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Question on face value  

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Valued Member

United States
107 Posts
 Posted 11/10/2009  3:22 pm Show Profile   Bookmark this topic Add Teuk to your friends list Get a Link to this Message
I was looking for a second opinion on the face value of these notes.
One is a 1945 5,000 Yuan note.

The other is a 1944 1,000 Yuan note.

From what I've found out they were hyper inflated and are
pretty much worthless now.
Figured I'd stop in since I haven't been in here for over a year haha.
But let me know please and thank you.
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12710 Posts
 Posted 11/10/2009  5:06 pm  Show Profile   Bookmark this reply Add Sap to your friends list Get a Link to this Reply
These notes have no actual "face value" anymore as far as exchanging them for dollars (or any other modern currency) is concerned. The government that recognized them, the mainland Republic of China, no longer exists. The remnant Republic of China in exile on Taiwan knew that the communists had captured large amounts of old ROC money (as well as printing plates) and didn't want their economy flooded with them, so they declared nothing but Bank of Taiwan notes legal tender. Mainland notes have never been used on Taiwan.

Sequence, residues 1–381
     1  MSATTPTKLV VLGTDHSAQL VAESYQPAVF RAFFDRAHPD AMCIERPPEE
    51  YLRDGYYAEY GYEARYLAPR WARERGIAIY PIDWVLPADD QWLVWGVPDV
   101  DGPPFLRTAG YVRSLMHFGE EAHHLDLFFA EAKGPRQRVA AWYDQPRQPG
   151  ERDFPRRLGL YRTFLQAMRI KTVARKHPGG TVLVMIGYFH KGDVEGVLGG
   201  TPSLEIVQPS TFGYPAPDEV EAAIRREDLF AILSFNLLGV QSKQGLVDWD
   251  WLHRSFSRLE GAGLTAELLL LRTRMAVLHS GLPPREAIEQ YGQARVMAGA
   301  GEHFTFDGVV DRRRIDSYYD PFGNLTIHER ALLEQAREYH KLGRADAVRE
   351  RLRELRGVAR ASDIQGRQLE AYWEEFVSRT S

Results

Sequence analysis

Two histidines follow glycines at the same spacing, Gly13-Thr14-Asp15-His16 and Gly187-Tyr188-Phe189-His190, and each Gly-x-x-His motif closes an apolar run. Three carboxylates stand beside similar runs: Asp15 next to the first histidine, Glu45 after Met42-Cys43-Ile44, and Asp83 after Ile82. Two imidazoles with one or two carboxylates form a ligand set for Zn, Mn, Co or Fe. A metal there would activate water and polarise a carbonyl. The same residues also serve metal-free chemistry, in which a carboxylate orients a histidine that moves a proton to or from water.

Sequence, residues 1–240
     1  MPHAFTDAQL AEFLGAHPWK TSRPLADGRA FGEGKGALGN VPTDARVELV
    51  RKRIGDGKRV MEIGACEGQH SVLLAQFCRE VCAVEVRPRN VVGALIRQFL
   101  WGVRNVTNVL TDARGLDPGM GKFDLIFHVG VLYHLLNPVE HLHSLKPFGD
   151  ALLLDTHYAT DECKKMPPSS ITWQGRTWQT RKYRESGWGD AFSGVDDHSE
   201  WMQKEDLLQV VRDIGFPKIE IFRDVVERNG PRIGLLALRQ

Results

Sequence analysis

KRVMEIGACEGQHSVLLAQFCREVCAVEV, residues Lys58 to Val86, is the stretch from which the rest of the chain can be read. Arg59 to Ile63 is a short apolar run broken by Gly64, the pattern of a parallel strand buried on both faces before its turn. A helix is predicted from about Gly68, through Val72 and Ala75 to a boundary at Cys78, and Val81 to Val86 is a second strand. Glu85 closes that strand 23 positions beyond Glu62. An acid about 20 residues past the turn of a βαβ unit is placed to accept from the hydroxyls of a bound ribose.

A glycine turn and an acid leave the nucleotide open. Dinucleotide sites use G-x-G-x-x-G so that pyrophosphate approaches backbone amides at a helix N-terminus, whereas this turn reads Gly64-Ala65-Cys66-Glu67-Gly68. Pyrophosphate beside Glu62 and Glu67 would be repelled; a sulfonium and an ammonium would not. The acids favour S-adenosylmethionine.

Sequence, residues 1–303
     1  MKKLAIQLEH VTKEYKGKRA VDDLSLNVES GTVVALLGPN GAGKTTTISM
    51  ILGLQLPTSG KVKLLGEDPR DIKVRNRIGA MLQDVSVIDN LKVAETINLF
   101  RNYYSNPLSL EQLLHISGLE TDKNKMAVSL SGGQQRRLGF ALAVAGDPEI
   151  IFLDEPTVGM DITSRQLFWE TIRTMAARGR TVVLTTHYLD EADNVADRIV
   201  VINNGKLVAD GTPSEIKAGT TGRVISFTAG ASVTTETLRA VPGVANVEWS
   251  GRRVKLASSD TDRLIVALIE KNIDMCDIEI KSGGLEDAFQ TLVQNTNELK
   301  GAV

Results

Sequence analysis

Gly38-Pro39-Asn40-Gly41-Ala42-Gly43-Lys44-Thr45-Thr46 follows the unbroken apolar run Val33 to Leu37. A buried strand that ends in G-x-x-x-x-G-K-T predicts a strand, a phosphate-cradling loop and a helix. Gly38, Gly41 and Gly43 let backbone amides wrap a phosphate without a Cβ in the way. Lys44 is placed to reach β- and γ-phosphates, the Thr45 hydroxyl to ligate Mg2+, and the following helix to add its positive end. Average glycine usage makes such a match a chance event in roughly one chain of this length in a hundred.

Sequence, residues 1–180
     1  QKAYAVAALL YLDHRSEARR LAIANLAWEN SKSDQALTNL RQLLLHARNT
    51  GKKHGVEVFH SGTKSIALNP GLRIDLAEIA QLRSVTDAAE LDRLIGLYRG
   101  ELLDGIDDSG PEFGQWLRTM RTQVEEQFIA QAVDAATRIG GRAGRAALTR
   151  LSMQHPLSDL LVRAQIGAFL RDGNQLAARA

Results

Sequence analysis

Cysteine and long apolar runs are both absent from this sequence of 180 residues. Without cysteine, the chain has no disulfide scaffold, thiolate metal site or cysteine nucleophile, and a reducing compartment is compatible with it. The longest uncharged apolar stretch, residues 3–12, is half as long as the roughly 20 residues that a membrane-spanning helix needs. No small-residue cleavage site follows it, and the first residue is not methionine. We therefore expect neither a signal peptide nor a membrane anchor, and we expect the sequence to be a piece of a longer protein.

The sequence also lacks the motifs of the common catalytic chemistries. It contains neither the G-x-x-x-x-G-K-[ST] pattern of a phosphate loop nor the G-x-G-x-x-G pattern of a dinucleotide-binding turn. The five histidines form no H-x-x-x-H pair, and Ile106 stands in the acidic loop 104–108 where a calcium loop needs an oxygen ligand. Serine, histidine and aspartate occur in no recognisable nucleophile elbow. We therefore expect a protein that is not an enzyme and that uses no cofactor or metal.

They only have value as a collectable note. My pre-1960 banknote catalogue dates from the 1980's so any values I quote you would be irrelevant. The torn corners and tape stains will probaly reduce the value of these considerably.
Don't say "infinitely" when you mean "very"; otherwise, you'll have no word left when you want to talk about something really infinite. - C. S. Lewis
Valued Member
United States
298 Posts
 Posted 11/11/2009  12:24 am  Show Profile   Bookmark this reply Add hc8604 to your friends list Get a Link to this Reply
Actually these are printed by the other "Republic of China"... the one that was a puppet government under Japan. I am not sure what the Republic of China after the end of WWII did with these notes.. if they (under) re-valued these notes to their own currency or declared these as no value.

As for the actual RoC banknotes of WWII period, China suffered heavy hyperinflation which is another reason to Sap's response. In 1948 the government revalued the old fabi notes to the Gold Yuan. Hyperinflation still was out of control and by 1949, the government introduced the Silver Yuan. By Dec. of 1949, when the RoC fled to Taiwan, all banknotes were covereted into the Taiwan dollar, since the Silver Yuan also suffered to hyperinflation, which was printed by the Bank of Taiwan.

Like the Chinese yuans, the Central Reserve Bank of China (which printed your notes) also suffered hyperinflation.

Notes in Uncirculated condition are in more demand, even though many were printed...
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